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AI Primer for Marketers Part 7- AI-Powered Analytics.png

The most innovative marketers routinely pick up new things, try them out, and succeed or fail. Why are marketers struggling so much to adapt to artificial intelligence and machine learning? In this series, we’ll explore machine learning and artificial intelligence to build a foundation for understanding the field – and how it applies to marketing.

AI Applications in Marketing: AI-Powered Conversation

Analytics is one of the most enduring areas of study in marketing. We’ve been working with data and analytics since the beginning of digital marketing. Those folks who have been in the marketing field for some time remember the days of downloading server logs and processing them with spreadsheets and other software to calculate even the simplest of metrics like website visitors. So much has changed since those early days, but one thing remains the same for the most part: Analytics looks at what happened.

The promise of artificial intelligence and machine learning is to simplify and accelerate our analysis of what happened. Right now, analytics is still a very manual task. Even with great applications like Google Analytics™, we still must go hunting for answers rather than have answers presented to us. That’s not necessarily a bad thing – it is, after all, job security. However, one of the key critical problems with marketing analytics today is that there’s too much data regurgitation and not enough insight, not enough useful information to take action on.

Spotting Trends and Digesting Data

With machine learning, we can digest and extract information out of the massive quantity of marketing data much faster. We can also detect trends and outliers much faster, then develop an understanding of what caused those trends in a data.

For example, suppose we have a large amount of data about our website. We have social sharing data, page views, time on page, bounce rate, keyword searches, all sorts of information about the performance of our content. This is a typical situation for a marketer to be in: we have a surplus of data but a lack of useful insight.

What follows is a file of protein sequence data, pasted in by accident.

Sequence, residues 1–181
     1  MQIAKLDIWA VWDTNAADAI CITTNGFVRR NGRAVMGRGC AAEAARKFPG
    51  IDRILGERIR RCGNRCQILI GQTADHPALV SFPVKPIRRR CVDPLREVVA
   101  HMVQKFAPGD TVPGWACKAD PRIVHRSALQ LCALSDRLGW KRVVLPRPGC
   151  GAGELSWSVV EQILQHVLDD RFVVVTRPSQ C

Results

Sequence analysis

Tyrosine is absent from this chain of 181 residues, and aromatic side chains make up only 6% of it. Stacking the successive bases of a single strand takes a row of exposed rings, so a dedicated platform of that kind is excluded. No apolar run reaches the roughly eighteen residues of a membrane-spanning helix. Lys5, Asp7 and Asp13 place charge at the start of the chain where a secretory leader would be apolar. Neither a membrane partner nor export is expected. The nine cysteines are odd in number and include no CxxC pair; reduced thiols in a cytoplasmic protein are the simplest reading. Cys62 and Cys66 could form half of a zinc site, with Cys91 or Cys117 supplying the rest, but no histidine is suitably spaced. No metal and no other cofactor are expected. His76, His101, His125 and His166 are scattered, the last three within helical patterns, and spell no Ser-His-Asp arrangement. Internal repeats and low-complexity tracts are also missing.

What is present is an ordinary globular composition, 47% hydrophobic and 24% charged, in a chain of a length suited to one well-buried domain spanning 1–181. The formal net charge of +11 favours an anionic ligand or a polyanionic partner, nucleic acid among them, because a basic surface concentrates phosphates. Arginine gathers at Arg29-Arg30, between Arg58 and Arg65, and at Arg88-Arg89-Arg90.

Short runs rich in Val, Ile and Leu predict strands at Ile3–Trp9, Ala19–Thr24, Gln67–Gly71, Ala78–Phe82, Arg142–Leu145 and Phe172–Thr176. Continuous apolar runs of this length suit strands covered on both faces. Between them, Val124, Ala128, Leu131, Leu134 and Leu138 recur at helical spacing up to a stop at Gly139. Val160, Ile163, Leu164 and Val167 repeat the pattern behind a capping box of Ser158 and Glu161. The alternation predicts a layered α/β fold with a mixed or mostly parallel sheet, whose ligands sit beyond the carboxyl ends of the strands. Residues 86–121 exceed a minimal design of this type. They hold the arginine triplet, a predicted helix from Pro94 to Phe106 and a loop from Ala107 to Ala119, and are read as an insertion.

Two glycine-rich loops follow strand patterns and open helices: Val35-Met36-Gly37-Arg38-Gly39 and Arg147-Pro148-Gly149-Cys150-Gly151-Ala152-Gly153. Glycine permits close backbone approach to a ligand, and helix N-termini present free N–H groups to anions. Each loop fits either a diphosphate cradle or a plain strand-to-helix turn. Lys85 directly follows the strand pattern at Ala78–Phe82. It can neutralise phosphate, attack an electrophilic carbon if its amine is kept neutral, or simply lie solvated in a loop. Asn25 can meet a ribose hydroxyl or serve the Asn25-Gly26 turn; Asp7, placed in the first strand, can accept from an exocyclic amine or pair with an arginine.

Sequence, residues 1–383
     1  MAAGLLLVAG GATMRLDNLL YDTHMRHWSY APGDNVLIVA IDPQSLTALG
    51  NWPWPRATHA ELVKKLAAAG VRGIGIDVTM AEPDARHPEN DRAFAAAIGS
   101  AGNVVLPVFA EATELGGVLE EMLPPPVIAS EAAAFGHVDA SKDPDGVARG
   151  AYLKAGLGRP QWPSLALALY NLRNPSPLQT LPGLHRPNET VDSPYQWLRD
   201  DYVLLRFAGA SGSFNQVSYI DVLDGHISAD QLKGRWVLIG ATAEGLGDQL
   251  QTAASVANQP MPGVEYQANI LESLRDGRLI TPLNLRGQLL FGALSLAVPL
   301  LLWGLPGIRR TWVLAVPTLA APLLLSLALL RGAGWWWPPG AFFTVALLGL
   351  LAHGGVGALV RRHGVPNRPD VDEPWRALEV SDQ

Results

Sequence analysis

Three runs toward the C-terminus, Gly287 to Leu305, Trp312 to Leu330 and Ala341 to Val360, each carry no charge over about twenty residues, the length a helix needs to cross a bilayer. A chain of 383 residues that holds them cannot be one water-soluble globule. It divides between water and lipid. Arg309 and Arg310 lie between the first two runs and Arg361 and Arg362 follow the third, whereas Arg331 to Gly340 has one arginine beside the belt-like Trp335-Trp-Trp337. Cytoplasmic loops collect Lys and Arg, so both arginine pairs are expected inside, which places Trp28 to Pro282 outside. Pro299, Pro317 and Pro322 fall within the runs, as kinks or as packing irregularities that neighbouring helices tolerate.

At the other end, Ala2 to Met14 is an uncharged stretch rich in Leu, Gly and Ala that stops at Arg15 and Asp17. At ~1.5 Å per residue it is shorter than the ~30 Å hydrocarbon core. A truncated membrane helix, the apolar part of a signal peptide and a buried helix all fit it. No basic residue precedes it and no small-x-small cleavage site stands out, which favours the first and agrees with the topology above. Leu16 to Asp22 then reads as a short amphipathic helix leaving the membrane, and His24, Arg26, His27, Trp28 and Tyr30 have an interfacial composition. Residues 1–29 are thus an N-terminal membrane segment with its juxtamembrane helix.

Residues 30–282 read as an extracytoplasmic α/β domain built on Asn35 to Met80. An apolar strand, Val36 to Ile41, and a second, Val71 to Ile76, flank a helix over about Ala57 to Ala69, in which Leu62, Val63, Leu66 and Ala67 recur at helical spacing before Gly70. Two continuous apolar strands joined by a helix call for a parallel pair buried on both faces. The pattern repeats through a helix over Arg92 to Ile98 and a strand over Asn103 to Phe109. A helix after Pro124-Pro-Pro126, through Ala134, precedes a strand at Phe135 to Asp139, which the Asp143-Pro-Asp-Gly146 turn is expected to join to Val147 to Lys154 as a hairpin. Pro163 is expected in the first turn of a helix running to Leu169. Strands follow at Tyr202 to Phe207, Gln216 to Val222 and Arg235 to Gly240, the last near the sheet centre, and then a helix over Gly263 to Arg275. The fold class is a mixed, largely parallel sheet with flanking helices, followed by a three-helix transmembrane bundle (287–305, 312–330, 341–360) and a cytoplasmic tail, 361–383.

Using an ensemble machine learning technique like a random forest, we can digest down all this data to identify the most important variables which lead to our desired outcome. Looking over a thousand pages in my website and more than two dozen variables, what matters? What gets me more social sharing, for example?

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When it comes to social sharing, here’s an example of using a random forest to identify the variables that matter the most.

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This test of variable important says that Stumbleupon and LinkedIn contribute significantly to the sharing of my website content, followed by Ttwitter. If I were spending all my time trying to activate my content on Facebook, I would naturally have poorer results then if I had used these other networks. Digesting down those thousand pages and dozens of variables would have taken hours or days by hand; using a random forest took literally seconds.

Predictive Analytics

The promise of machine learning and artificial intelligence extends beyond faster analytics, however. In the hierarchy of analytics, once we understand what happened – descriptive and diagnostic analytics – we must evolve our understanding to predictive and prescriptive analytics.

How would our marketing change if we knew what was going to happen? How would it change if we even had a semblance of an idea of what was going to happen? We would likely change our plans significantly. We would allocate resources much more efficiently. We would focus our efforts on the times when our business is needed us most, from periods when we are likely to reap disproportionate rewards for efforts to mitigating weak spots when our businesses would suffer.

Predictive analytics is not a pipe dream or a far-off vision of the future. We use it today in our work. For example, using predictive analytics modeling software, I routinely take Google Analytics™ data and project it forward 12 months. I do the same with social media data, email marketing data, virtually any kind of normal, time-based data series. By projecting forward 12 months, I can identify likely strong and weak spots in the weeks and months ahead.

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Armed with this knowledge, I can then build campaigns to double down on strong periods and mitigate weak periods. Predictive analytics lets me budget more carefully and thoughtfully comma and helps me make a case for increasing resources at key time periods, rather than asking for blanket budget and resource increases (which are unlikely to be approved in today’s business climate).

The best part is that much of the software needed to do these different types of machine learning is available for free. The major advancements in machine learning technology all stem from academia. Researchers and developers publish their code online for free under open source licenses; as long as you have the developmental and technical capabilities to implement their code, you can have these tools today for low or no-cost.

Next: AI-Powered Content Distribution

In the next post in this series, we’ll look at how machine learning and artificial intelligence help us distribute our marketing and content better, faster, and cheaper.


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